Fancy some fresh bakery items? How about a “Shinamon Rool, Brouned Role, or Aple Sturoll?” If you’d like something sweeter, try their “Aple Croumble” and “Choklete Coreation,” and finish it off with a hot slice of “Choklete Cock” if you dare!

Main courses? Oh yeah baby… every menu in Boudha has a “fing” section, which is, we think, a rice noodle type dish. We often ate “Fing Tank,” and “Buff Fing.” Others we didn’t try included, Spicey Flat Fing, Clocked Pork Fing, and Charpi non-Mushroom Fing. A few others that we steered clear of were the Ox Tripe Gastric Wall, Red oil with Ear Piece, Crips Pork in Screen Bowel, Salad Tongue, and our all time favorite delicacy, Seweage Drop Egg in Soup! I wonder how many foreigners order that one!?

Oh I’m sorry, you are a “vageterian.” In Nepal, that’s no problem! There are lots of vagetarians here… You can always go for the Vagetable Frird Race, 3-Silk Vage with Red Oil, Cassarool of Fish in Sour Vage, or Big Meat with Vage Sauce.

Had enough? Still hungry!? Chapattis are a staple all across south Asia, so you won’t be disappointed if you choose Chaparie fried Chapati, plain Chaparle per pics, or Egg-Fred Chaparle per pics. I always order my Chaparles by the Pics!

Do you like fish? I love fish… Let’s try the Splash with Spice Fish! Or perhaps the Dong-pu Fish with Thai Big Piece? If you’re extra hungry you should definitely get a “Steam Hole Fish.” If you catch one yourself, I’m sure they’ll ‘cock’ it for you! Or ‘clock’ it? Whatever….

I prefer a cold beer, but a “Hot Dronke” can be great after your meal… Karen loves sipping a nice Red Wine (by the Gass)… we never did order the “Spy Wine.” Hmmm…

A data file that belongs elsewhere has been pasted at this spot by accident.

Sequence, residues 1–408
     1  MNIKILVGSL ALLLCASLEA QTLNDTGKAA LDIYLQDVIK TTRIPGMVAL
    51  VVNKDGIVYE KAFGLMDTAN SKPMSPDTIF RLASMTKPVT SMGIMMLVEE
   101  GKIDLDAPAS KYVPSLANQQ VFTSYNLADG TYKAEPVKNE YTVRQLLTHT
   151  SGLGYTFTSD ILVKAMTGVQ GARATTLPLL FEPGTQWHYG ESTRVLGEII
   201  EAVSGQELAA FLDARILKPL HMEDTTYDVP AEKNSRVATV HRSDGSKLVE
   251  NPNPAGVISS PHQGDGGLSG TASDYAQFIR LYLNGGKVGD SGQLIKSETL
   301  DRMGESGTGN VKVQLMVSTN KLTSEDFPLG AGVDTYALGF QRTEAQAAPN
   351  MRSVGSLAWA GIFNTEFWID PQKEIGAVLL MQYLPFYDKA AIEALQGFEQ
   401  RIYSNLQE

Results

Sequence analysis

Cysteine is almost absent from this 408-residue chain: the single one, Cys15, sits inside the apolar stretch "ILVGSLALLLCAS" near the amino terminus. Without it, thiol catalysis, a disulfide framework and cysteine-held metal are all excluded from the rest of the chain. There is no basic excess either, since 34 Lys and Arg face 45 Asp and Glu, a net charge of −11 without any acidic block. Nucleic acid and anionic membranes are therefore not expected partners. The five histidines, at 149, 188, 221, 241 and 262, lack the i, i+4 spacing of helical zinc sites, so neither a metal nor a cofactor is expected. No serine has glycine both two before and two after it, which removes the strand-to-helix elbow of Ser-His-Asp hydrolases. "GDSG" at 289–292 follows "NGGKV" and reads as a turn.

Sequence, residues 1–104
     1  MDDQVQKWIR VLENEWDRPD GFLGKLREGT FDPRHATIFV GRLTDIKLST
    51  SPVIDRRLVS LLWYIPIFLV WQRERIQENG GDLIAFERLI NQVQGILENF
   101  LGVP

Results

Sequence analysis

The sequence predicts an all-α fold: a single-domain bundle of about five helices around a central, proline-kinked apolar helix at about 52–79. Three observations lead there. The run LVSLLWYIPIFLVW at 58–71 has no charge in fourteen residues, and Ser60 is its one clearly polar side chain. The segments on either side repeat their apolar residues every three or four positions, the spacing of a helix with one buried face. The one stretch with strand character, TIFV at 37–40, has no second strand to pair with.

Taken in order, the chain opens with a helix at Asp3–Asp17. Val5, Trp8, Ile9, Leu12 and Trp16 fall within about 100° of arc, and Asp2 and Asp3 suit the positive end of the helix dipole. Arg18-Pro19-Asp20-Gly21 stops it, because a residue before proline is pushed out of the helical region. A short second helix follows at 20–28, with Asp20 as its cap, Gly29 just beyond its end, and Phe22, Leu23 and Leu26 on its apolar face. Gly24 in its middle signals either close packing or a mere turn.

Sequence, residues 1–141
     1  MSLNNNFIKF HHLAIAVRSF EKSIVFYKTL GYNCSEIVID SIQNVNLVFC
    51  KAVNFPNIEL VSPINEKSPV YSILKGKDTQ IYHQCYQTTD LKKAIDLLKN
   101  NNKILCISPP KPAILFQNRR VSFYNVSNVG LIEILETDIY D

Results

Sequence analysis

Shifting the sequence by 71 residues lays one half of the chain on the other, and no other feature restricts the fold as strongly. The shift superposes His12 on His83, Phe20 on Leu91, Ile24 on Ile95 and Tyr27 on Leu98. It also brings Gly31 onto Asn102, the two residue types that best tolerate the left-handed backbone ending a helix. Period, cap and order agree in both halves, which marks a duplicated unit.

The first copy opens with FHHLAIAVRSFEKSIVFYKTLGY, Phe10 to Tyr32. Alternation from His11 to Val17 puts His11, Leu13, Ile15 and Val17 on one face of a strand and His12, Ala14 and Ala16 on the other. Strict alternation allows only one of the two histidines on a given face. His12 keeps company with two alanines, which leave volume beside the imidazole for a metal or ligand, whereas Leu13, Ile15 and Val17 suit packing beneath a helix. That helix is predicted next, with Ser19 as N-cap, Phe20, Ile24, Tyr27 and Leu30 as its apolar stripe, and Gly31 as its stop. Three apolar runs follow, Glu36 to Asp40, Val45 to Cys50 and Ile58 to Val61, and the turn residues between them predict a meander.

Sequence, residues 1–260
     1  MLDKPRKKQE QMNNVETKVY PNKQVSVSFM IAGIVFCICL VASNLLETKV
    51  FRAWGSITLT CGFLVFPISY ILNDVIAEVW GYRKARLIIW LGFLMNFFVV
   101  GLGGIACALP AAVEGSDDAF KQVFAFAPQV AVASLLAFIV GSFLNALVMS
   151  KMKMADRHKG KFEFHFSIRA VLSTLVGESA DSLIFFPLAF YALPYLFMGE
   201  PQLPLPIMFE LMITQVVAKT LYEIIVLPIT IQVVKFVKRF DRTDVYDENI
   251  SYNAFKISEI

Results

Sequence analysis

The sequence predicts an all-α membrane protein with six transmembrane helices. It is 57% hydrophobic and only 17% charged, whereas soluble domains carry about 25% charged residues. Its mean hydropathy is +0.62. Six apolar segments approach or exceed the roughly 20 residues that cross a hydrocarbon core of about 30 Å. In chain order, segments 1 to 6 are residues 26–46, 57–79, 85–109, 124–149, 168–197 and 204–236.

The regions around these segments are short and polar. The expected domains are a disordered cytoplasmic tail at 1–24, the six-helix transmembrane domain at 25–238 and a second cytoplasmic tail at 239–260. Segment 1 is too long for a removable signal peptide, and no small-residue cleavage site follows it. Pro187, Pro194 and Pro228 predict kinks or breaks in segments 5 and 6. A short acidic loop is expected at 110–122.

Tomorrow I think we’ll splurge on a huge feast and share the Sir & Turf, Fried Baby Cord with Chicken, Frid Meat Sice with Silk of Ckenich, and Baked Crap with Prawn! I just love that baked crap!

Bon Appetit!

Leaving Nepal...

Leaving Nepal was a really emotional event… After sinking our roots into this neighborhood, this culture and country, and our wonderful school, it was very difficult to uproot ourselves and depart. Many times the kids said, “I really don’t want to leave… I mean, I miss home and I want to see everyone, but I wish we could stay here much longer!” And Karen and I agreed…

To give the kids a bit more time to spend with their friends, we organized a little farewell party at our guest house. 20 or so wonderful girls came over, and we enjoyed take-out pizza, cake, fruit, and loads of silly games together! Our girls also taught them a new obsession which enthralled them for several hours -- weaving friendship bracelets!